Feeds
85%
Nokia E55

Nokia E55 smartphone

Does the business for the Qwerty customer?

  • alert
  • submit to reddit

Beginner's guide to SSL certificates

Review The Nokia E55 is actually one of a pair of very similar handsets simultaneously released by Nokia. Its brother is the E52, which is pretty much the same, except that it has a standard numeric keypad rather than the E55's SureType-style Qwerty keypad with two letters assigned to each key. That aside, both phones come with Wi-Fi, HSDPA 3G, a 3.2Mp camera, aGPS, FM radio and an outsize battery.

Nokia E55

Slim pickings: Nokia's E55 Symbian smartphone

Nokia is claiming that the E55 is the world's thinnest smart phone, which, much like world-class sprinting, is a contest that is increasingly based on very small margins. For the record, Nokia is quoting it as 9.9mm thin, which cuts a mighty 0.1mm off the 10mm E71. No, we couldn't tell the difference when we held them next to each other, but do let us know if you think it's significant.

It's a neat looking device, with chrome-look trim around its plastic frontage and a metallic backplate. Incidentally, this feels a little flimsy, and even came off in our pocket once. The 2.4in screen offers 320x240 resolution and 16 million colours. It's bright and sharp, as you might expect, and not bad in sunlight either.

Below the display are two programmable soft keys and – crammed in on either side of the square, five-way navipad – are four shortcut buttons: home, calendar, messages and a back/delete key. The two on the left can also take you to other functions by long-pressing them. The navipad also does that continuous pulsing light thing we've seen on the E71 and E66, which flashes when you have a message waiting or receive a call.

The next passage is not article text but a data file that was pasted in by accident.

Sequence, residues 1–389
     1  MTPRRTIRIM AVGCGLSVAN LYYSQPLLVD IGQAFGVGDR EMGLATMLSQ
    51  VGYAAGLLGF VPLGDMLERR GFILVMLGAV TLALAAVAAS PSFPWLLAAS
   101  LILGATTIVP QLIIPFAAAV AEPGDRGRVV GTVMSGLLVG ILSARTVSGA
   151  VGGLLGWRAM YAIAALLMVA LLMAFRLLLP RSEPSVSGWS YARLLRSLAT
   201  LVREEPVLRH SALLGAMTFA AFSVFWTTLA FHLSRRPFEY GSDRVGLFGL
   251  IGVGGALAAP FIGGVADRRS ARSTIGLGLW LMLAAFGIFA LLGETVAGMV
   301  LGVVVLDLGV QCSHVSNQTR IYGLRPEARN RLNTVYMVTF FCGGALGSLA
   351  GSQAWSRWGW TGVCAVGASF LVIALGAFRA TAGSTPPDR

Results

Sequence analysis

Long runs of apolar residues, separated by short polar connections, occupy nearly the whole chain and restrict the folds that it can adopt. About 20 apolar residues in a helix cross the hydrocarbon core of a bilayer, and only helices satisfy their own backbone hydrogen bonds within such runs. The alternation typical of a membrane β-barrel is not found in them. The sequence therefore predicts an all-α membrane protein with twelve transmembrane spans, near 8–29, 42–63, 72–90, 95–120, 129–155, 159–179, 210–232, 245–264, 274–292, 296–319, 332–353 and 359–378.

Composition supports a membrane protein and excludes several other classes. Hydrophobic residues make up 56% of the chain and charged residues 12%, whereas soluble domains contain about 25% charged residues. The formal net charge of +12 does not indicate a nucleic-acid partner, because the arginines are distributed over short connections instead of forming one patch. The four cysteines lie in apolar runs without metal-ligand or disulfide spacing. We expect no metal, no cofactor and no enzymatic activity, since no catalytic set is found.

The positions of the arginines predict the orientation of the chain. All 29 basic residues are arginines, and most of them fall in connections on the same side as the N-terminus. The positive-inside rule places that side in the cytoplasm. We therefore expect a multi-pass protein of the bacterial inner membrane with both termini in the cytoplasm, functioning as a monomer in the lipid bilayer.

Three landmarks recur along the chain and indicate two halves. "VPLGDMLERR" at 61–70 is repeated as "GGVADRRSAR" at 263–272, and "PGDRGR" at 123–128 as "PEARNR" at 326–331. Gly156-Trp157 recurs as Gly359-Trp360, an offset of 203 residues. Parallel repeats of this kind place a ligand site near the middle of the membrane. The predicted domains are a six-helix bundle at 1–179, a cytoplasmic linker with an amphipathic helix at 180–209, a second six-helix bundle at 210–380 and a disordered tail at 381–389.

Call start and stop buttons separate this array from the four-line, 20-key alphanumeric keypad below. It is neatly laid out, but the buttons aren't very distinctive, with a very short travel distance and not much in the way of a click. The result is that it can be a bit tricky to tell when you're connecting. It's not disastrous, but it's certainly not ideal on a phone that makes a virtue of messaging, though we did find ourselves getting more accustomed to it with extended use.

Nokia E55

Keyboard compromise should suit most users

That aside, it's easy enough to get the hang of the two-letters-per-key set-up, and while it's not quite the full Qwerty shilling, it'll give you the edge on standard keypads, making it a decent compromise.

Secure remote control for conventional and virtual desktops

More from The Register

next story
Fujitsu CTO: We'll be 3D-printing tech execs in 15 years
Fleshy techie disses network neutrality, helmet-less motorcyclists
Space Commanders rebel as Elite:Dangerous kills offline mode
Frontier cops an epic kicking in its own forums ahead of December revival
Intel's LAME DUCK mobile chips gobbled by CASH COW
Chipzilla won't have money-losing mobe unit to kick about anymore
First in line to order a Nexus 6? AT&T has a BRICK for you
Black Screen of Death plagues early Google-mobe batch
Ford's B-Max: Fiesta-based runaround that goes THUNK
... when you close the slidey doors, that is ...
prev story

Whitepapers

Choosing cloud Backup services
Demystify how you can address your data protection needs in your small- to medium-sized business and select the best online backup service to meet your needs.
Getting started with customer-focused identity management
Learn why identity is a fundamental requirement to digital growth, and how without it there is no way to identify and engage customers in a meaningful way.
Driving business with continuous operational intelligence
Introducing an innovative approach offered by ExtraHop for producing continuous operational intelligence.
Why CIOs should rethink endpoint data protection in the age of mobility
Assessing trends in data protection, specifically with respect to mobile devices, BYOD, and remote employees.
Reg Reader Research: SaaS based Email and Office Productivity Tools
Read this Reg reader report which provides advice and guidance for SMBs towards the use of SaaS based email and Office productivity tools.